Published December 25, 2009. 


I stood by the door, watching him struggle with his typing.

He kept typing ‘D-e-s-‘.

Then erased it again.


And a blank again.

It was a year since he left his remedial teaching, and now he was out on his own. In a world filled with instructions and words he could not read, he was struggling to keep with the times. Facebook, was his obsession, and his problem. He wanted to talk to all his friends from all 3 of his schools, but the words never came out the way he wanted them to. They either sounded too abrupt, or they didn’t make the sense he wanted them to.

He couldn’t read right, what his friends told him.

I wasn’t helping either.

Picture us.

Born a few years apart. One mechanically challenged, the other mechanically brilliant. And vice-versa for the literal skills. I wrote like there’s no tomorrow, he struggled with his own name for the first 10 years.

We had our differences, and as much as I tried not to sound ruthless and cruel- I kept away from helping him, because he needed to stop using a crutch for his communication.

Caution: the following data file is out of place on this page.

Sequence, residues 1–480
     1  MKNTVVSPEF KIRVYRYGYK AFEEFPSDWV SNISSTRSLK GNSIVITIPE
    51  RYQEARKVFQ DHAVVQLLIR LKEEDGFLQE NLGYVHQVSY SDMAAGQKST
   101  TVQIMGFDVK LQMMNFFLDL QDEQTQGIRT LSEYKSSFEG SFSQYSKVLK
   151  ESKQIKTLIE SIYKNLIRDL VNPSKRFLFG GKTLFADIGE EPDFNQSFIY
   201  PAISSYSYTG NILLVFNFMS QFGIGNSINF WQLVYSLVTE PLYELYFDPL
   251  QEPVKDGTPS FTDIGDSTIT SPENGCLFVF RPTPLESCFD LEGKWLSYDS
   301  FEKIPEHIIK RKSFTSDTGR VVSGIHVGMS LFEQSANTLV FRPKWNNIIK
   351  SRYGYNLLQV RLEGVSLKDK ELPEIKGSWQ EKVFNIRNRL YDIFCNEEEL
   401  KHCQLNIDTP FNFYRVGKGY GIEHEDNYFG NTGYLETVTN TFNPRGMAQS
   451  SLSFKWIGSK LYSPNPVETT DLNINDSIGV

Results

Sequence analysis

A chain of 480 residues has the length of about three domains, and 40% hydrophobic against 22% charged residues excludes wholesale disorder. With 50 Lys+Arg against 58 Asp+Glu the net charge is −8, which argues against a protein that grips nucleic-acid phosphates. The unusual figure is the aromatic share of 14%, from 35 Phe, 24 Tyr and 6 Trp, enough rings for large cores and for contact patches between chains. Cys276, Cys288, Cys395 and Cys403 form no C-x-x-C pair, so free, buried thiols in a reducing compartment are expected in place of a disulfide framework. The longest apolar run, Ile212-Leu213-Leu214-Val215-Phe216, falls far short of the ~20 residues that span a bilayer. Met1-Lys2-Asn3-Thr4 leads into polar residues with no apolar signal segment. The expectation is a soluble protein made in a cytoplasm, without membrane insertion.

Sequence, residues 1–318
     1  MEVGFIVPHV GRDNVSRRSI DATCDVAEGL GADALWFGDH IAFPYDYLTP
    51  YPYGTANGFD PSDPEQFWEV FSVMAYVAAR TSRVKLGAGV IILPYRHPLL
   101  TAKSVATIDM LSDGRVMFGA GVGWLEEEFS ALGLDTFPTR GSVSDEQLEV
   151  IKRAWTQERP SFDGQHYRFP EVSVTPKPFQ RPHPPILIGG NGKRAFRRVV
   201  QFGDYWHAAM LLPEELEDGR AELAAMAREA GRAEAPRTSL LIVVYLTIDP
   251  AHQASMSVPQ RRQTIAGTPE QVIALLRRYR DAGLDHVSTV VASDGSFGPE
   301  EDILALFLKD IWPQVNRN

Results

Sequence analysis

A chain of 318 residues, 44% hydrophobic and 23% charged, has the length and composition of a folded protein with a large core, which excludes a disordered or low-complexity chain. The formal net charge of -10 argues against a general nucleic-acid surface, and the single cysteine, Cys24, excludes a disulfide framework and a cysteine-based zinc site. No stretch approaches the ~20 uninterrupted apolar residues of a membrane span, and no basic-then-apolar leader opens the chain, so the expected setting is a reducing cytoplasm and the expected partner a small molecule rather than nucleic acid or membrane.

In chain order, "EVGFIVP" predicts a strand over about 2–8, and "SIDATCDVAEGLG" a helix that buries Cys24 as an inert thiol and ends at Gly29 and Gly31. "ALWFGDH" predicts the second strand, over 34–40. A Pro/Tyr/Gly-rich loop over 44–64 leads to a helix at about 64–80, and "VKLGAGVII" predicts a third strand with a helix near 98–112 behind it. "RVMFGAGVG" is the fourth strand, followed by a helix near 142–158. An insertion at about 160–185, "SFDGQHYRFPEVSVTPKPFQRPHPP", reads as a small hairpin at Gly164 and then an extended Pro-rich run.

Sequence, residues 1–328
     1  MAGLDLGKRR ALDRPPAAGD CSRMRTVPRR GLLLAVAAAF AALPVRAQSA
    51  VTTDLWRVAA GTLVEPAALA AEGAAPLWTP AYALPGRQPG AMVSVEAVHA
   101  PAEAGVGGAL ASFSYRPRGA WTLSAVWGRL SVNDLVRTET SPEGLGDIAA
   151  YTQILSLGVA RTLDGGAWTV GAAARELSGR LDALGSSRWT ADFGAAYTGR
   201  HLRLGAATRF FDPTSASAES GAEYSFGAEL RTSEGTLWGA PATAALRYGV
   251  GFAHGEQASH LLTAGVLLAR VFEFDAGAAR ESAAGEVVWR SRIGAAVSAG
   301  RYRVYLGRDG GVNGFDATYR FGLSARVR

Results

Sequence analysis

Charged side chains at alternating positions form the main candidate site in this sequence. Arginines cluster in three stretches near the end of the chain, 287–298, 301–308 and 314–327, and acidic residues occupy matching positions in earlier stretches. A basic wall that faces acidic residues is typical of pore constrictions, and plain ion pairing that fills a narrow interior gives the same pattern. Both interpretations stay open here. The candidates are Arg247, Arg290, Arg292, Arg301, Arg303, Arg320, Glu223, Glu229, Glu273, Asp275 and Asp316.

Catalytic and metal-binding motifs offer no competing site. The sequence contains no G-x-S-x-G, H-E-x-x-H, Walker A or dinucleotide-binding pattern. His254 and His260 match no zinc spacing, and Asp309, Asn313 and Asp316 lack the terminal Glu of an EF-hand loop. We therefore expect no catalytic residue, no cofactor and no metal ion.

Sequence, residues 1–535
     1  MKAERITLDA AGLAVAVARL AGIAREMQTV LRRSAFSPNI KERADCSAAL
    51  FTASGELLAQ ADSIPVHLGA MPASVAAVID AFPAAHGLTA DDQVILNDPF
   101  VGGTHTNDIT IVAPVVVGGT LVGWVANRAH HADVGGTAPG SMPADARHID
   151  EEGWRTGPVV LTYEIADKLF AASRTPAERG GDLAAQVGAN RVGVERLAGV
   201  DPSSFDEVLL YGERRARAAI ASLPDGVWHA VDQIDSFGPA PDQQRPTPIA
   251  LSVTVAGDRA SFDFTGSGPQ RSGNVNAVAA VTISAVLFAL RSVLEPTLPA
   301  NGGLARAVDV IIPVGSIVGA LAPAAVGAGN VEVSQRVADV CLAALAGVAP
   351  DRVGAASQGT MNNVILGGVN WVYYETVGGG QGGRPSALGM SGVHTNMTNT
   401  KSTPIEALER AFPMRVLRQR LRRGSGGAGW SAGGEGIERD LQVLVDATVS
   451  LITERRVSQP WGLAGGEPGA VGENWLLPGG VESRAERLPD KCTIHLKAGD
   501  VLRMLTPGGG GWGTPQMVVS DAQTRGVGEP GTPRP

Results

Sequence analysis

I remember him on the first day I saw him. They put the dark bundle with curly hair and big eyes on my lap, and I was so excited I cried.

I looked at him, again, now. Standing 3 inches above me, hair coarse, but still curly, and wearing the subconsciously official colour of our household. Grey, with denims.

He yelled again.

I stifled a sob, of a brother I thought I had again for a moment.

I walked away.

That’s what I always do, it’s what I have been told to do- walk away from him, so that I can have a better life. So that my temper doesn’t kill the both of us and so that I can prove that I am a better, bigger person. He wasn’t the nicest guy. He was rude, mean, and spoke to me like he owned my house. Destroyed everything I created. Lied, cheated. Hurt. Threatened to hurt. He drilled into my faults the way you do only when you want to cripple your worst enemy.

I walked back to where he sat, typing what he didn’t want to, not being able to type what he wanted to.

I first understood the gravity of his problem a couple of years back, when a movie about this was released. The ‘I’ll-send-you-to-hostel’ threats were too familiar to miss. The mother weeping, the father’s exasperation- was like they’d installed a camera in my bedroom and watched us for 15 years now.

The realisation of his end of the trouble set in when they showed the muddle in the child’s brain. How nothing made sense, how everything else was so much more exciting. How what he said was never what he wanted to, or what he’d begun to say. How his friends were the only escape route from hurting everyone around him because of his own frustration that suddenly the family was a distant unit of people who only made him do things he’d never want to.